Up Close: Kory Gedin

<I>Inside Carolina</i> recruiting writer Andy Britt is touring the countryside to visit each UNC football commitment. Look for his unique two-part profiles all year long. Today, he reports from D.C. on linebacker Kory Gedin.

WASHINGTON – North Carolina football commitment Kory Gedin has seen more concrete than green grass during his lifetime, but that will surely change when he moves to Chapel Hill this fall.

Had it not been for the actions of caring relatives, he may have never become the quality student-athlete he is today.

As Gedin was nearing his 11th birthday, he was still living in Brooklyn, N.Y. with his mother who struggled with drug addiction. But family members intervened, bringing Gedin to Washington for a fresh start in a new neighborhood.

Gedin doesn't like to talk much about his childhood, and admits moving away was a major turning point in his life. He grew up quick and focused his life on school in an effort to ease the pain from the past.

But to meet him, gentle and soft-spoken, one can only imagine the troubles he faced as a child.

"Kory, first and foremost, is just very conscientious and academically inclined," Gonzaga head coach Kenny Lucas said. "He is very serious about his future as a person.

"I know, off the field, I've grown in awe of him," he said. "He's a pleasant young man, who has a lot of friends in the school. The kids here respect him as a person. They also see his progress on the field, but they know he's a good person. I'll take and enjoy coaching that kind of kid any day."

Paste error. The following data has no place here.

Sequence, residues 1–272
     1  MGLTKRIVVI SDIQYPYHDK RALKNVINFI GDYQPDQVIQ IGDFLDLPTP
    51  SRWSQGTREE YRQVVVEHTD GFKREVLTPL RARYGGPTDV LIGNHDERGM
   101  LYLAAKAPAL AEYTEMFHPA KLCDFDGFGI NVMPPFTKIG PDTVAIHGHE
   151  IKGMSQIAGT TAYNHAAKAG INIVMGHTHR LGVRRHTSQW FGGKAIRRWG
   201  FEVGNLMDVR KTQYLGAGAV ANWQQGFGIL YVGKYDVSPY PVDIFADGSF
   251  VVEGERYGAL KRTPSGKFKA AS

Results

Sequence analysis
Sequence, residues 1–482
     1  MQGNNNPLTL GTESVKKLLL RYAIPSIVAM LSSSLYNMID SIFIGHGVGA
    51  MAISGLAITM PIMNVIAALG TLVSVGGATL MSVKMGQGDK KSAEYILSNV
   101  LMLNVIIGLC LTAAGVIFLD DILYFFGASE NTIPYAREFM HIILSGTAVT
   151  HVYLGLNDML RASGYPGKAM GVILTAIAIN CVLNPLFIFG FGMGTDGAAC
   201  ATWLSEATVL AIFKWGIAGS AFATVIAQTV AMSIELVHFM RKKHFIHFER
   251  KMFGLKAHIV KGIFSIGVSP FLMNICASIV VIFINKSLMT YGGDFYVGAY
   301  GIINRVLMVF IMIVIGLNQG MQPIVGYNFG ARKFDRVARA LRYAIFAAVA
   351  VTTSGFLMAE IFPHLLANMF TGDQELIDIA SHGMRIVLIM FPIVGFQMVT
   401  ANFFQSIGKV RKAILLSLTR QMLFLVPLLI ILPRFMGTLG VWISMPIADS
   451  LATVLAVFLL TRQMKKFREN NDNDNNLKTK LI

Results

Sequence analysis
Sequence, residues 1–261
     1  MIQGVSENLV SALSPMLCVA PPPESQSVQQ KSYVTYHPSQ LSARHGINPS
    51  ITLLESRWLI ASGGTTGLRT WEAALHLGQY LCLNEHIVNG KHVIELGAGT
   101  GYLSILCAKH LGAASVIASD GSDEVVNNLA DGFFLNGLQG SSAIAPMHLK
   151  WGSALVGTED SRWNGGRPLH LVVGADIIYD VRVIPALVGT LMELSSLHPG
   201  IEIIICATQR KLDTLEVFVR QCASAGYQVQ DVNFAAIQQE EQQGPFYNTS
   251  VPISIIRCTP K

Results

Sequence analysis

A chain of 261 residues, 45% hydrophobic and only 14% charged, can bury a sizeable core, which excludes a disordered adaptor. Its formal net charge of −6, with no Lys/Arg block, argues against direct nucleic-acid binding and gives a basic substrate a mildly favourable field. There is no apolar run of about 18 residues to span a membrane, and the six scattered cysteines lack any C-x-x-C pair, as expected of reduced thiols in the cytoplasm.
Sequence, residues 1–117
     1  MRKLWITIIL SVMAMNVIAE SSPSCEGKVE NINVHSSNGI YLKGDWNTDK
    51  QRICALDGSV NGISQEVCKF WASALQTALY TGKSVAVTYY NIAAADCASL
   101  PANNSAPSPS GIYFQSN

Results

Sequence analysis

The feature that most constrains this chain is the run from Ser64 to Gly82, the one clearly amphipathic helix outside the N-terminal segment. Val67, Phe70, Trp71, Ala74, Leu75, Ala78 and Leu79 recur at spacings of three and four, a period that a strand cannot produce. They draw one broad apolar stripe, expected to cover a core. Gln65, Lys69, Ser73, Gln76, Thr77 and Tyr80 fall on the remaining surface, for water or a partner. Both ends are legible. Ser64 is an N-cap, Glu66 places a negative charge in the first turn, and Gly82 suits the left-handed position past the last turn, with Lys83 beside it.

On the field, Gedin recorded 80 tackles this year, collected six sacks, two interceptions, and forced three fumbles. As a fullback he scored four touchdowns. Gedin was an all-MCAC conference selection and a first-team all-metro pick by The Washington Post.

Gedin helped Lucas win his first conference title in just his second season as head coach. The Eagles finished 10-0 in 2002.

As a junior, Gedin made 140 tackles, including 27 stops for loss.

Lucas, who once played backup quarterback behind Rich Gannon while at the University of Delaware, first met Gedin when interviewing for Gonzaga's head coaching position two years ago. Gedin, a sophomore at the time, just happened to be in the office and the two started talking.

After Lucas was subsequently hired, he started looking at tape of some of the players. He noticed that Gedin was starting at nose guard.

"That is a feat, in and of itself," Lucas said. "That's a tough position as a sophomore to go in and undertake. I thought he had some greater potential. I just didn't see trying to limit a kid of that caliber by leaving him down at nose guard. Not that he wouldn't help you there, but I thought it would somewhat neutralize his ability to be able to make a larger impact."

Gedin welcomed the challenge of moving up to linebacker, joining the host of defensive stars scheduled sign with Carolina on Feb. 5; thus adding future depth in an area where the Tar Heels desperately need it.

"[The coaches] told me to be ready," Gedin said. "They don't have that many linebackers. They said I would get a chance to play right away."

However, the UNC coaching staff is probably not yet aware of just how much potential Gedin possesses.

"Kory is probably at the very beginning of his learning curve, and I mean that in a positive light," Lucas said. "He is only beginning to learn what he can learn about that position."

That's OK. Learning under John Bunting, a former NFL linebacker, should provide him with the proper tutelage.

Stay tuned for Part II tomorrow…

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